Our team also examined emissions projections post-pandemic. First, we applied the 8% drop in emissions in 2020 when compared to 2019 numbers, assuming that the global projected emissions drop can be applied uniformly to each country. We then assumed that rather than have emissions rise back up, like the WMO suggests, the same trend in emissions projections from the CAT will continue for every year after 2020. This is a generous assumption but the results are concerning nonetheless. Canada still misses its targets by 6%; the UK still misses its targets by 3%; and the US still misses its 2025 target by 4% and will also miss it in 2030.

It is evident that the reduction in emissions due to the COVID-19 pandemic does not get us to our targets and we still have a long way to go.


We anticipate varied responses to the climate change problem once we return to “normal”, but two in particular stand out:

  1. Emissions reductions are on track and further reductions are not a priority (ignoring the role a global lockdown played).

  2. If a global pandemic cannot help us meet the Paris Climate Agreement, beating climate change is an insurmountable task.

We will most likely have to contend with these two reactions. However, as city-builders we believe we have an important role to play in educating our industry and leading by example with immediate action to not only reduce the carbon footprint of our firm but also reduce the carbon footprint of our designs. We must be willing to discuss these issues, as well as the most current data, to show that we can indeed effect positive change through a smart, sustainable built environment.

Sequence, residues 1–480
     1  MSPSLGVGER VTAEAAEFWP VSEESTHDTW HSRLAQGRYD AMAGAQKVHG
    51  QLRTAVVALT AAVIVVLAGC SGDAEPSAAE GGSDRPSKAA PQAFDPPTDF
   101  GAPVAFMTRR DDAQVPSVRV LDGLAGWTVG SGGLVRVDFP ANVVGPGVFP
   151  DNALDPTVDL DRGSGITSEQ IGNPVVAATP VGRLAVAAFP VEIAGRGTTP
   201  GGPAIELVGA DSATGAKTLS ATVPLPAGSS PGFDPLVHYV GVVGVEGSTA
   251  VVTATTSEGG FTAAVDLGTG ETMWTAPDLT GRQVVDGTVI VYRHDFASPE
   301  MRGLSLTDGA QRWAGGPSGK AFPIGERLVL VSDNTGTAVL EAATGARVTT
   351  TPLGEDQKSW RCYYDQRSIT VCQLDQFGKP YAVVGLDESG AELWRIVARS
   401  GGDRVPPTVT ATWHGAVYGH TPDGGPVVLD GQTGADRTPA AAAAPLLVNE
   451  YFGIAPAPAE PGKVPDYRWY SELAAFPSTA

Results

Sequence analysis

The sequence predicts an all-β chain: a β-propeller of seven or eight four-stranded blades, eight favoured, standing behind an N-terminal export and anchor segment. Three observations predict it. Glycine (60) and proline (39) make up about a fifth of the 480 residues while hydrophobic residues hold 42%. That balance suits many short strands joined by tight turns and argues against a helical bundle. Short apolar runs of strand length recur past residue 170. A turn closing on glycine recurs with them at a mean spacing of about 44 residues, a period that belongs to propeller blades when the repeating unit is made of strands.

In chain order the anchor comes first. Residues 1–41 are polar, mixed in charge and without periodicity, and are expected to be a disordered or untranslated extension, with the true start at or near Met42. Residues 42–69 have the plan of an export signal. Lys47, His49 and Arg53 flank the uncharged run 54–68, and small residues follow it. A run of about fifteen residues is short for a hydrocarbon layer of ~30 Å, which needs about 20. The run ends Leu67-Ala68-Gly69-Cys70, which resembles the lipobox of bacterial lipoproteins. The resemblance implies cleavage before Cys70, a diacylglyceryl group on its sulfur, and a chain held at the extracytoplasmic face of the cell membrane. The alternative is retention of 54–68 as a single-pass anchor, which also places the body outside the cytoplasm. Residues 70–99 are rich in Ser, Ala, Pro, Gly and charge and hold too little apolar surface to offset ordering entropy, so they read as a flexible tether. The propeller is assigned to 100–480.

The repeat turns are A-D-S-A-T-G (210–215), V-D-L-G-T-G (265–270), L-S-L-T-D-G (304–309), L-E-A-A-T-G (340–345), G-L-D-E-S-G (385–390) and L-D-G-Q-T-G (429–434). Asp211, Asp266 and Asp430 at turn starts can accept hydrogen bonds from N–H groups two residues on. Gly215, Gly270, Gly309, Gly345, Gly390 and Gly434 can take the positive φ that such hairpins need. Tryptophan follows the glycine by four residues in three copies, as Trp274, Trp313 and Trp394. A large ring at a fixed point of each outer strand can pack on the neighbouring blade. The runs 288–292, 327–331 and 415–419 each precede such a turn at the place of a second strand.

The greatest results will be realized through early action in our designs, including:

  • Considering Lifecycle Assessment as early as possible to develop a baseline design and reduce the embodied carbon of the project.

  • Evaluating the Carbon Smart Materials Palette early in the design to identify materials that can decrease a building’s footprint.

  • Engaging with Structural, Building Envelope, and Energy Performance Modelling Consultants early on to create a holistic approach to design.

  • Engaging a contractor and/or materials expert early, to coordinate and optimize the supply of the products required for a sustainable building, and to ensure those products can be sourced in the quantities required.

It is going to require the collective effort and determination of the entire industry to push the needle in the right direction. The world is taking a breath of fresh air as we reduce our footprint during this difficult time. Let us keep this momentum going into 2021 and beyond.

To see how your next design can reduce its carbon footprint, contact Emily King and the Sustainable Performance Group at Entuitive.